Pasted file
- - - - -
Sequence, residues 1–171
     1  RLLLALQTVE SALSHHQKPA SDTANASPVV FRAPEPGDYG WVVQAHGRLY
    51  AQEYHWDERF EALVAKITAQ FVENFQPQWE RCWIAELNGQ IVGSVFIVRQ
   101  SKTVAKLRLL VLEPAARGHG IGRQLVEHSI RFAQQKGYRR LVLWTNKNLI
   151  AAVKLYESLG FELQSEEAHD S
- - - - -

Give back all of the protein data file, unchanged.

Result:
Sequence, residues 1–171
     1  RLLLALQTVE SALSHHQKPA SDTANASPVV FRAPEPGDYG WVVQAHGRLY
    51  AQEYHWDERF EALVAKITAQ FVENFQPQWE RCWIAELNGQ IVGSVFIVRQ
   101  SKTVAKLRLL VLEPAARGHG IGRQLVEHSI RFAQQKGYRR LVLWTNKNLI
   151  AAVKLYESLG FELQSEEAHD S